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Air Force SNCOs no longer need Community College of the Air Force degrees

Forty Airmen pose for a group photo during a Community College of the Air Force graduation ceremony May 6, 2016, at Joint Base Charleston, S.C. CCAF was established April 1, 1972 and provides enlisted Airmen a regionally accredited degree through the Air University by the Southern Association of Colleges and Schools. (Staff Sgt. Jared Trimarchi/U.S. Air Force )

Starting this year, senior noncommissioned officers no longer need a Community College of the Air Force degree to be considered for promotion.

Under the new policy announced Wednesday, senior noncommissioned officers who complete an associate degree or higher “from a nationally or regionally accredited academic institution” are eligible for promotion and eligible for commander’s promotion recommendation, the Air Force said in a release.

Previously, only SNCOs with degrees from the Community College of the Air Force were considered for endorsement for promotion from their commander. Airmen were advised to update their degrees in the Military Personnel Data System, the release said.

The Air Force is updating the evaluation system to ensure it “focuses on equitability and streamlines the stratification process,” it said.

Other updates remove airmen with an approved high year of tenure retirement date from endorsement consideration and let raters decide whether to refer an enlisted performance report for those who receive a “met some, but not all expectations” rating.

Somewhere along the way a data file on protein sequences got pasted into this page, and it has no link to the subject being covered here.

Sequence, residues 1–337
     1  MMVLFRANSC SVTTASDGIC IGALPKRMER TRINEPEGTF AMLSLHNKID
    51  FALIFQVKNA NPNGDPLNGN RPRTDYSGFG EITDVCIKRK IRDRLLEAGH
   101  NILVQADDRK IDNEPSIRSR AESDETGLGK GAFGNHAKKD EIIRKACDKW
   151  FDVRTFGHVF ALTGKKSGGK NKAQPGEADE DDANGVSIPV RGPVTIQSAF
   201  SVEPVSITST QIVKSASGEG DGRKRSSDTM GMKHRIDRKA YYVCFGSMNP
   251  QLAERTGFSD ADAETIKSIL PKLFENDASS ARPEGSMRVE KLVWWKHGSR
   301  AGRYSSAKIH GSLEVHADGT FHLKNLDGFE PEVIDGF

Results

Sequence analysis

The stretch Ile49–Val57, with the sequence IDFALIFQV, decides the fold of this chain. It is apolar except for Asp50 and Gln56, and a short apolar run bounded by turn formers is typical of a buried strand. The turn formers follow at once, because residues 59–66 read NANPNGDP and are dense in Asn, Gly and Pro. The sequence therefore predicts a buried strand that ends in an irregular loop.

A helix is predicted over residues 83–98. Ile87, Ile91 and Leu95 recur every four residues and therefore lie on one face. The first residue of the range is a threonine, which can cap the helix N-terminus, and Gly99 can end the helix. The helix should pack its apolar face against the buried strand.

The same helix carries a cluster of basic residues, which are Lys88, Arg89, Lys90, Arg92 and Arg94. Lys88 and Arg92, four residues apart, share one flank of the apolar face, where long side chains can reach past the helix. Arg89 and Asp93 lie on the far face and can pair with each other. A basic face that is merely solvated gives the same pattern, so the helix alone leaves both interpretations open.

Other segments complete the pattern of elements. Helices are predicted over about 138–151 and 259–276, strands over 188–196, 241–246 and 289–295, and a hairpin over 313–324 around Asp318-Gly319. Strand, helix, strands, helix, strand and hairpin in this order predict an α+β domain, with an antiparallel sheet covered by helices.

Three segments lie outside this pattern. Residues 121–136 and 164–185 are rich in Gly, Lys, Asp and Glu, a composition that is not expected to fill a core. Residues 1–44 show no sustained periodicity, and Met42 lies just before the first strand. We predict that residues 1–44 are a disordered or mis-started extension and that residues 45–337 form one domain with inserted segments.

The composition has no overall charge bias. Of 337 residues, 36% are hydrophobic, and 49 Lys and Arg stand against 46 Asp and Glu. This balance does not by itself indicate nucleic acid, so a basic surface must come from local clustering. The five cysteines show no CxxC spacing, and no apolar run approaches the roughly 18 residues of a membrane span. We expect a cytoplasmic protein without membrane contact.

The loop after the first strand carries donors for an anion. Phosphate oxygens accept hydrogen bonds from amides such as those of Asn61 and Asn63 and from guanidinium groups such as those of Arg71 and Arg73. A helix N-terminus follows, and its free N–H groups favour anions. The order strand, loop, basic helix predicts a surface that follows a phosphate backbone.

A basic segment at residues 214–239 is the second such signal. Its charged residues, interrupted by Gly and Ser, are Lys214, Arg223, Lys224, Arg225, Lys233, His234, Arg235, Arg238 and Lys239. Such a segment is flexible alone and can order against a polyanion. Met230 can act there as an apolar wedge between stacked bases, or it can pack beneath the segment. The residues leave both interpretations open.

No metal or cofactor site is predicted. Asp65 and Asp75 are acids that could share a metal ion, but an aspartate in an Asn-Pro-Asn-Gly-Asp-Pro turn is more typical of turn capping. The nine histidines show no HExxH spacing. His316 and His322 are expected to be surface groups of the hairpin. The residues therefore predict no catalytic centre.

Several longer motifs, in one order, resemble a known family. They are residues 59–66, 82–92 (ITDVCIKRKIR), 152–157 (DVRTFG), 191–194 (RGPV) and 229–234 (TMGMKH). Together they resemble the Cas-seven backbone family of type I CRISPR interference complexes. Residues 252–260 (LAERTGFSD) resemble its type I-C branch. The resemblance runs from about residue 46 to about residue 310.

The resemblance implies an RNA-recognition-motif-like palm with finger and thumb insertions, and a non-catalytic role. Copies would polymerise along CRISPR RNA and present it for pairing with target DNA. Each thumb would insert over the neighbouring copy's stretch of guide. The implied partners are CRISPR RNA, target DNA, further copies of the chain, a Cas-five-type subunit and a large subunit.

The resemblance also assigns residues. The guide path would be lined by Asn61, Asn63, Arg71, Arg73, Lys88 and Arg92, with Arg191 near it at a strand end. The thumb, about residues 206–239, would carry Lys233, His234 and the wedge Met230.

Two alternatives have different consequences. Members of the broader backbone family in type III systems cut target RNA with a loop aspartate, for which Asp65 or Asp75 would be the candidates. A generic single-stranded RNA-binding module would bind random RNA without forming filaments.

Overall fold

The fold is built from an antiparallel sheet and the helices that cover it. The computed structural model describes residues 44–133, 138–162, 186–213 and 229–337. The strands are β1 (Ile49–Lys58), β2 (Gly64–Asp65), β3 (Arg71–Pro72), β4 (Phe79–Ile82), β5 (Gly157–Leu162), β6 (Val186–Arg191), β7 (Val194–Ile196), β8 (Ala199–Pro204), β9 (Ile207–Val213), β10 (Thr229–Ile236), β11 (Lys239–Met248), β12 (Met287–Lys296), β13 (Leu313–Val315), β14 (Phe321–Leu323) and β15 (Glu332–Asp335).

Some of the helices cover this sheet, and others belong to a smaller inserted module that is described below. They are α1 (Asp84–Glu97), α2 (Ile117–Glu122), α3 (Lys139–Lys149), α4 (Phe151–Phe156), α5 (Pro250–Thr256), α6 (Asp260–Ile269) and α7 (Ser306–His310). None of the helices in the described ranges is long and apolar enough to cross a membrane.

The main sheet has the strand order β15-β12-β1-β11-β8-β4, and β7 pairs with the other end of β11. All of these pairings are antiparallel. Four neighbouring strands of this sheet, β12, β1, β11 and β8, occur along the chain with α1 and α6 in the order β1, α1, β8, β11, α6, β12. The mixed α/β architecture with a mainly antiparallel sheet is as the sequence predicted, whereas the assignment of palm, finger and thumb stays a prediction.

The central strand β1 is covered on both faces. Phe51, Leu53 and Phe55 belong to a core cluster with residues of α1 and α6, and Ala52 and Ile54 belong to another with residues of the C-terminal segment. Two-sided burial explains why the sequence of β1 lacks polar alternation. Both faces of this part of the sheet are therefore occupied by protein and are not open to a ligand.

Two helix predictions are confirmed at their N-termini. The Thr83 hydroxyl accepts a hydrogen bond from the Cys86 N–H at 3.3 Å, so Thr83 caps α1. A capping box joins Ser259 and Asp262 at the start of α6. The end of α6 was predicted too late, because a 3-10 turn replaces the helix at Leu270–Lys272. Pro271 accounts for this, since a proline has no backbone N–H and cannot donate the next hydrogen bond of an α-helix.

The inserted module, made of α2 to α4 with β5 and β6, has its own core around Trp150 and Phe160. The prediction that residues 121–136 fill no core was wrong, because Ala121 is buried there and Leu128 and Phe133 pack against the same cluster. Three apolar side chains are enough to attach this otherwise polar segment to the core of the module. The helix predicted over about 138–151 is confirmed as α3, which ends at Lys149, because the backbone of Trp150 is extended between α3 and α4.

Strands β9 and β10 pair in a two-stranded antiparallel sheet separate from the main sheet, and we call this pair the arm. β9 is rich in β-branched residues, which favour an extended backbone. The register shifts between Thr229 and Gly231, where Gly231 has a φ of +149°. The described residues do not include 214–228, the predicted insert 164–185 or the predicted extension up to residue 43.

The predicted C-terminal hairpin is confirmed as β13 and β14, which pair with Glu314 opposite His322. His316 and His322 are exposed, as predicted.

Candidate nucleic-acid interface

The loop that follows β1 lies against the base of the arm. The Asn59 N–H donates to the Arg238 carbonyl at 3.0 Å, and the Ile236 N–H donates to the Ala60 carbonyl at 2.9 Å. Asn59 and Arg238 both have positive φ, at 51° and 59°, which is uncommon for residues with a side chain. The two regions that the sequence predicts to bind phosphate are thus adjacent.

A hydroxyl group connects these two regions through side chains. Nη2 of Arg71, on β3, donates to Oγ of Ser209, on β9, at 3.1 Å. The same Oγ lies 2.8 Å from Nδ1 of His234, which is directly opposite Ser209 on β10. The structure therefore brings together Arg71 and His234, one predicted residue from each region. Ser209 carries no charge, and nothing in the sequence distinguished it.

Previously, a referral EPR was mandatory with this rating, which would prevent promotion eligibility and change of station orders. The new policy is set to take effect in conjunction with the staff sergeant EPR closeout date on Jan. 31.

The change gives raters space to provide honest, realistic feedback, while at the same time allowing airmen room to improve, said Chief Master Sgt. of the Air Force Kaleth O. Wright, as cited in the release.

“Under the previous policy, if we set 100 expectations for an airman and they met or exceeded 99 of them but fell short on one, in essence we were saying they should be removed from promotion consideration,” Wright said in the release. “That doesn’t align with our vision of talent management. We want supervisors and command teams to have the option to make decisions that make sense for our airmen, tailored to each individual situation.”

The Air Force said the revised policies were in response to feedback from the field. The changes are geared toward increasing flexibility for commanders and empowering performance within the enlisted corps.

“Our focus is on making our system more agile, more responsive, simpler and more transparent to better meet the needs of our airmen and our Air Force,” Lt. Gen. Brian Kelly, Air Force deputy chief of staff for manpower, personnel, and services, said in the release.

The updated policies will affect nearly every active duty, Guard and Reserve enlisted airman.

Additional policy updates authorize a unit’s senior enlisted leader a vote on the Enlisted Forced Distribution Panel and allows commanders to have authority to designate days that a servicemember’s performance would not be rated, if they determine the airman “faced personal hardships during the reporting period.”

“The option provides commanders the agility to reflect periods of extenuating circumstances on annual evaluations without negatively impacting the Airman,” the release said.


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